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New cheer coaches believe “cheerleaders aren’t just skirts on a sideline, but the face of the community”

The+Jessica+take+a+quick+selfie+before+an+afternoon+practice%21+Pictured+on+the+left+is+Jessica+Bradshaw+and+to+the+right+is+Jessica+Zeigler.+%28Photo+courtesy+of+Jessica+Zeigler%29+
The Jessica take a quick selfie before an afternoon practice! Pictured on the left is Jessica Bradshaw and to the right is Jessica Zeigler. (Photo courtesy of Jessica Zeigler)

The Jessica take a quick selfie before an afternoon practice! Pictured on the left is Jessica Bradshaw and to the right is Jessica Zeigler. (Photo courtesy of Jessica Zeigler)

The Jessica take a quick selfie before an afternoon practice! Pictured on the left is Jessica Bradshaw and to the right is Jessica Zeigler. (Photo courtesy of Jessica Zeigler)

Bailey Gore, Reporter

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The Manogue family recently added new members to the cheer program, Jessica Bradshaw and Jessica Zeigler, and together they are known as the “Jessicas.” The two energetic and dedicated coaches made the transition this year from Reed High school where they were the head cheer coaches for two years, and are beginning their first full season as Miners.

The cheer team executes their halftime routine at Friday night’s game against Reed. (Photo Courtesy of the Reno Gazette-Journal)

How exactly did these two Jessica’s become the Jessicas? Both Bradshaw and Zeigler have prior experience in gymnastics and coaching. For Bradshaw the experience of becoming a mom was a turning point in her coaching perspective. “When I coached right out of high school and college I didn’t have anything to relate to as far as being a parent,” she explained, “and then I became a mom.”

She believes that this experience helped her career as a coach: “Knowing what parents see and how protective they are of their kids showed me how to talk to kids and realize that not every kid learns the same. It took me becoming a mom to really understand that and evolve as a coach.”

Jessica Bradshaw shows she still “has it” as she one-man stunts with UNR. (Photo Courtesy of Manogue Cheer)

Zeigler has always coached cheer beginning with “coaching my daughter at age five, for three years.”  She then moved to “become the cheer director for SYFL [Sierra Youth Football League]” and she has “been doing that for three years.”  The Jessicas both have significant experience in coaching cheer, so it is fitting for them to excel as head coaches.

Zeigler recalls that their co-coaching began when, “Jess [Bradshaw] was becoming the head coach at Reed and held mid-season tryouts in fall of 2015. She asked me to be a judge in the tryout, and now we are stuck like glue. It has been two inseparable years. We immediately became the “Jessicas!” Bradshaw added, “We must have been sisters in a past life.”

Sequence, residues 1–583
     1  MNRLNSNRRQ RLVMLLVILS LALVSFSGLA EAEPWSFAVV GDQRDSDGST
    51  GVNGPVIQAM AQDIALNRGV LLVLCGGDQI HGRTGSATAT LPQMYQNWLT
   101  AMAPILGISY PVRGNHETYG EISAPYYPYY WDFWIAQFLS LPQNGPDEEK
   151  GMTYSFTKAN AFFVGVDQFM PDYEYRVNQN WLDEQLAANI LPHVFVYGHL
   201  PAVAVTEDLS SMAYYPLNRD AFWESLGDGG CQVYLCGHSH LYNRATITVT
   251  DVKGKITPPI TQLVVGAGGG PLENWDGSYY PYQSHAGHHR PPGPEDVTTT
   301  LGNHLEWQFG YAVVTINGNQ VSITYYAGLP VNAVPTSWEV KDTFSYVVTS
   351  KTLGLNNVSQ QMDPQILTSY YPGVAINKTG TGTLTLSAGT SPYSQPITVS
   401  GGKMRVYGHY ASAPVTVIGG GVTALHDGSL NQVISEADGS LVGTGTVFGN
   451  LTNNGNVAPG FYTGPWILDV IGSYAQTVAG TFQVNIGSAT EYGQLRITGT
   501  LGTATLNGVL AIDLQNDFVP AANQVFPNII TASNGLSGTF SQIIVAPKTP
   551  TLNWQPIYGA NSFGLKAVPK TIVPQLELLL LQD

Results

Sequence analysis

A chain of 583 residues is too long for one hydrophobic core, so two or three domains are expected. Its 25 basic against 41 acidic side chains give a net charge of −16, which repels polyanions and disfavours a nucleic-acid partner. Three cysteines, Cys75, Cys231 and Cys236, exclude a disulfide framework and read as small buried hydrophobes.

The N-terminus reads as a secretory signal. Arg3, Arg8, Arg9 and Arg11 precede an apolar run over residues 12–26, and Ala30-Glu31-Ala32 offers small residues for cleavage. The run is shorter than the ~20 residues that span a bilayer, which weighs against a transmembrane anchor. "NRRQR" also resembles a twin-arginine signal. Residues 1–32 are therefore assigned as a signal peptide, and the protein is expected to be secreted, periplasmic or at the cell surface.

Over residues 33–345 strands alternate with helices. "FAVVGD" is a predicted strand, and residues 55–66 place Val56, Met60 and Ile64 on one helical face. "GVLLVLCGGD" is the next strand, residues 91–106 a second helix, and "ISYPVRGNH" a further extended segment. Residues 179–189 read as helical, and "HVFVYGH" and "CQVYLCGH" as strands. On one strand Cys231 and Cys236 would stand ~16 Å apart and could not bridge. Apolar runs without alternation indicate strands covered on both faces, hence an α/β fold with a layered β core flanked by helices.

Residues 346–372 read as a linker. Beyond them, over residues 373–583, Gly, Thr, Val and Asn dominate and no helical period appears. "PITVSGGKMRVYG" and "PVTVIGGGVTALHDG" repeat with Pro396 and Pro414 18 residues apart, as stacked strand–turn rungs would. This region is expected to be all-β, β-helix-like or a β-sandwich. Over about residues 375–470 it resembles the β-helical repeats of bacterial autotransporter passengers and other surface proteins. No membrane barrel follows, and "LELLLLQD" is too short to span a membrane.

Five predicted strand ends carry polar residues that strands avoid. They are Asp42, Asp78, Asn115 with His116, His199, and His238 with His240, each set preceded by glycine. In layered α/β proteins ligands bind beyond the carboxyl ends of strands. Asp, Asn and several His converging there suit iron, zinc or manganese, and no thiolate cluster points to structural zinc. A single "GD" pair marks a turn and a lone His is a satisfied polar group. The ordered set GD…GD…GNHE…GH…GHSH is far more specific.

At the beginning the 2016 Manogue basketball season, the Jessicas knew from day one that work needed to be done. Zeigler remembers, “Coming [to Manogue] we didn’t know what the cheer program was built on last season. So when we came in we started from ground zero with the fundamentals of sideline cheer.” Sideline cheer is what ensures crowd involvement and enthusiasm which is why, as Bradshaw states, “We are focused on basic and strong fundamentals of cheer….[and] we have high expectations for building school spirit and involvement.”

The Varsity Cheer Squad pose before their first football game. (Photo Courtesy of Manogue Cheer)

As spirit program directors, the Jessicas emphasize the importance of “a strong coordination between us as the spirit program directors, and the student body. I think once it clicks the student section will just explode.” Being one of the few schools that do not know their own fight song, Bradshaw states the team’s goal: “We would love to have the students know the fight song and incorporate it into every single assembly.” She adds that it needs to be “plastered on the wall of the gym, in the SCC [Student Community Center]” and suggests that “we can go even as far putting a banner on the track.”

It is evident, according to Bradshaw, that there has been a strong turn-around in crowd involvement and school spirit, as seen in last Friday night’s football game against Reed.  Bradshaw was excited to find that the Manogue student section “took the initiative to learn the fight song  and cheers.”  Typically football games have minimal crowd attendance and involvement, but at Friday’s game there was a 180-degree change. Students knew the fight song and cheered their hearts out along with the cheer squad. Green and gold faces emerged from the dark stands, as the roars of cheers echoed through the stadium, filling it with nothing but Miner Pride.

Manogue seniors Shazia Aumoeualogo, GiGi Taylor,and Taylor Puski cheer on the football team during the September 22 game versus Reed. (Photo courtesy of the Reno-Gazette Journal)

As the cheer squad continues to build on the foundations of sideline cheer, the Jessicas anticipate “a strong crowd following.” Bradshaw expressed that, “There is still work to be done; we really need to focus on the quiet moments before kick-off and to get the crowd excited and clapping and on their feet jumping and yelling.”  The cheer squad is advancing every day. Zeilger states, “The girls are going from point A to point Z in a matter of a few practices and are constantly getting better every day.” This truly encompasses how much commitment and love the Jessicas have put into the making of the Manogue Varsity Cheer Squad.

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New cheer coaches believe “cheerleaders aren’t just skirts on a sideline, but the face of the community”